Seven Ways to Get to a Fresh New You

By Sue Ann Highland, PhDc

Your sister wants to lose weight. Your boss wants to quit smoking. Your cousin wants to get out of debt and repair his bad credit. Sound familiar? It should. They’re the same unmet goals from last year. And the year before.

What would happen if you broke away from the pack of standard “lose,” “quit” and “fix,” and instead opted to improve something you’re going to use for the rest of your life?

Here are seven concrete examples of things you can do to improve your brain over the course of the year. Plus, boosting your brain may positively impact your life in ways that would likely have been harder if you had set them as goals.

1. Start exercising.

Research now shows that even light to moderate aerobic exercise improves oxygen consumption, which helps the brain to function better. In the elderly, aerobic exercise—such as walking, bicycling or yoga—has actually been found to reduce brain cell loss. We have beautiful walking paths and trails in Northern Colorado, so take advantage of some great outdoor space. Hiking Devil’s Backbone is always a treat!

Bonus benefits: You’ll likely meet new people and lose weight.

2. Read more.

A 2016 study from Yale University School of Public Health has found that reading books may extend your lifespan by up to two years. In addition, a 2013 study by researchers from Rush University Medical Center found that reading and other mentally stimulating activities may slow dementia.

Bonus benefits: Reduced stress, improved sleep, enhanced social skills, greater IQ.

3. Enroll in personal brain training.

One-on-one brain training incorporates immediate feedback, intensity and loading, among other features, to work on brain skills. Effective brain training targets attention, auditory processing and memory, along with visual processing, logic and reasoning and/or processing speed to make thinking, learning, reading and remembering easier and faster. Because programs are customized, personal brain training works for all ages—children, teens, adults and seniors.

Bonus benefits: Stronger cognitive skills impact virtually every area of your life, including school, work tasks and managing life in general.

4. Get social.

According to the Alzheimer’s Association, research shows that regular engagement in social activities helps maintain brain vitality. Social activities include emotional support, work, volunteering, travel and participation in clubs. Get out to one of the events such as the First Friday Gallery Walks, Fort Collins Game Day Experience, Fort Collins Foodie Walk, an open mic night in downtown Loveland, or take a walk with a friend in the Loveland Sculpture Park.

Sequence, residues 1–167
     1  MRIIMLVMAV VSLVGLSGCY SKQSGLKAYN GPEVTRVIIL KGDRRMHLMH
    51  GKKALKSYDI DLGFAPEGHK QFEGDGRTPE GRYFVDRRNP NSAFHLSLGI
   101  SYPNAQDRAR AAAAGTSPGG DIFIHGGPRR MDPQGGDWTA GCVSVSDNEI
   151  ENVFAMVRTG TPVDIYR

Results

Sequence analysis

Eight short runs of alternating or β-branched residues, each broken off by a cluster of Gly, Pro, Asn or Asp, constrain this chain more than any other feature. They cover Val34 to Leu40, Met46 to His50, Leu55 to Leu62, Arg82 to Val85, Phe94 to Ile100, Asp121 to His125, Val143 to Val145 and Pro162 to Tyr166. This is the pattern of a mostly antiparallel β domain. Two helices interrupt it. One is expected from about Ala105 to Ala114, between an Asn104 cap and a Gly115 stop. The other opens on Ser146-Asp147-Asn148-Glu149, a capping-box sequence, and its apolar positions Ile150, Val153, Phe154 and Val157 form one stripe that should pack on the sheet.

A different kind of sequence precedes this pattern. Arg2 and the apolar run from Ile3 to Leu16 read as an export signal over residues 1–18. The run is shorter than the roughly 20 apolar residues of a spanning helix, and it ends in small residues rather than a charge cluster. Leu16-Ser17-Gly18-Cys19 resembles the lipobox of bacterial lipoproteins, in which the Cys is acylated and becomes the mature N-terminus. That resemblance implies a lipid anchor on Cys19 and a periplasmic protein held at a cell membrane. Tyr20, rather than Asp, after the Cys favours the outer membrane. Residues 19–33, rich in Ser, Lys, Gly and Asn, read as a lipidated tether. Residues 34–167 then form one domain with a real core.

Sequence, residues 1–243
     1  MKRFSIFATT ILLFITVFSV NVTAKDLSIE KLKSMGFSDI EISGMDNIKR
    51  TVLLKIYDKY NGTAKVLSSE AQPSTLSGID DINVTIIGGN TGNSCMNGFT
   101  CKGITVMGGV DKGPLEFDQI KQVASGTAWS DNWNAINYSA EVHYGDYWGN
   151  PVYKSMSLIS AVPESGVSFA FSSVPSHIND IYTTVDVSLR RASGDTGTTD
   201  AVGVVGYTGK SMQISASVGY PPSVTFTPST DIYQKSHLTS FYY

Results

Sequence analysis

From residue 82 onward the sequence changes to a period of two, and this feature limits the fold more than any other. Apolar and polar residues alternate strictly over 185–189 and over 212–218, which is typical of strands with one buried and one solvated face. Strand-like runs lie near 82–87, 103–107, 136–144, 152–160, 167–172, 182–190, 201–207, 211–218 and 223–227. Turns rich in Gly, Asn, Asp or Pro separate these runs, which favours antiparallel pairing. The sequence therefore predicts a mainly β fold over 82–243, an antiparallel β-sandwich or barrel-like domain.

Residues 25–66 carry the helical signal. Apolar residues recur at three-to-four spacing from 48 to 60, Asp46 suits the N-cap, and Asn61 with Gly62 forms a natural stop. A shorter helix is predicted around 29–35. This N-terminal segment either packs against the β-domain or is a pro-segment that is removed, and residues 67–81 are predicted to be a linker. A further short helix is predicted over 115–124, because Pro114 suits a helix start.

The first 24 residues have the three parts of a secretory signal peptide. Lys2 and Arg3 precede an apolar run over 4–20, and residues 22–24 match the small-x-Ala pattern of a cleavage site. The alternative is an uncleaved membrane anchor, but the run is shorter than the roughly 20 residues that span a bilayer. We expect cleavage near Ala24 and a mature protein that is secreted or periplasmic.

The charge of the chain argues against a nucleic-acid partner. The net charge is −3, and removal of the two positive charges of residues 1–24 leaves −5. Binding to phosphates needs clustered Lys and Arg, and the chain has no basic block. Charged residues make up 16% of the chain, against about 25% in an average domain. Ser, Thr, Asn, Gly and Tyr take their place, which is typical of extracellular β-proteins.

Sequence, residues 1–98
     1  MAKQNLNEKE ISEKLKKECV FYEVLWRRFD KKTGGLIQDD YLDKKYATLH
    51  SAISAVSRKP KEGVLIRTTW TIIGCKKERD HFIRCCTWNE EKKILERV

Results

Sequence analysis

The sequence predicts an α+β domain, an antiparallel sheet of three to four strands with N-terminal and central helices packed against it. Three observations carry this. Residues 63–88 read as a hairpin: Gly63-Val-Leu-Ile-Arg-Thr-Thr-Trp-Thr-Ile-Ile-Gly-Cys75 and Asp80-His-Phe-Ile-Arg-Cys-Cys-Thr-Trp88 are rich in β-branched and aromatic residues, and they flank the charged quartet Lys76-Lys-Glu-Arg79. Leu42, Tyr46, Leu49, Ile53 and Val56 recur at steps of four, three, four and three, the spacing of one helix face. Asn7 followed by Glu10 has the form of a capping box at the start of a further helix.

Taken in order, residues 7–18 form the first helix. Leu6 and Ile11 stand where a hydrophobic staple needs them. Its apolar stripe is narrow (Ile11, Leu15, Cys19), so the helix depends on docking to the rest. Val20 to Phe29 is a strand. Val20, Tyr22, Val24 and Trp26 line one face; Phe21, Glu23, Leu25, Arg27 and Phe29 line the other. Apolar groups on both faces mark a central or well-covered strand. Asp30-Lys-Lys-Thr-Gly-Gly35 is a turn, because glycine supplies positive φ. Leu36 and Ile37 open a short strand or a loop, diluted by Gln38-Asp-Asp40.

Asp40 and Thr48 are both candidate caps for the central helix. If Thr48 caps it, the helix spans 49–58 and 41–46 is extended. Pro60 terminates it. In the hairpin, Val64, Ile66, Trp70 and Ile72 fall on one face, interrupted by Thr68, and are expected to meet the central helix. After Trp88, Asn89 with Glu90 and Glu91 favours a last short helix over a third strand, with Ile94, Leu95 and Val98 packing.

Bonus benefits: Fewer visits to the doctor, fewer falls, decreased depression and better overall health.

5. Change your diet.

In addition to ditching foods with ingredients that are bad for you—including sugar, food dye, high fructose corn syrup, MSG and artificial preservatives, among others—there are things you should be adding to your diet to help your brain function at peak performance. A few examples:

A recent study of mice found that poor learners improved their memory and learning ability after eating cinnamon. Eating healthy foods like salmon, sardines, walnuts and blueberries can boost brain function. Drinking more water to avoid dehydration can help your brain perform at its best. Try some of the great locally grown foods from one of our terrific farmers’ markets.

Bonus benefits: Most likely, you’ll have more energy, lose weight and sleep better.

6. Get more sleep.

Adequate sleep helps your brain “clean out” overnight and set memories. It’ll also keep you from living in a “brain fog” the next day.

Bonus benefits: You’ll have more energy to exercise, which is good for your brain and your body.

7. Learn something new.

There are lots of studies showing that learning a new skill, such as playing the piano or speaking French, can help form new connections in the brain. In one study from the National Endowment for the Arts, people who learned a second language had sharper memories and better listening skills, as well as greater cognitive flexibility, better problem solving and higher order thinking.

Bonus benefits: You’ll likely meet new people with similar interests.

Make this your time to begin a healthy new brain boost and get a fresh new you!

Sue Ann Highland, PhDc, is a professional trainer with LearningRx in Fort Collins. LearningRx, which has 80 centers in the United States and locations in over 40 countries around the globe, has helped more than 100,000 individuals and families sharpen their cognitive skills to help them think faster, learn easier and perform better. To learn more about LearningRx, visit  To comment on this article, send an email to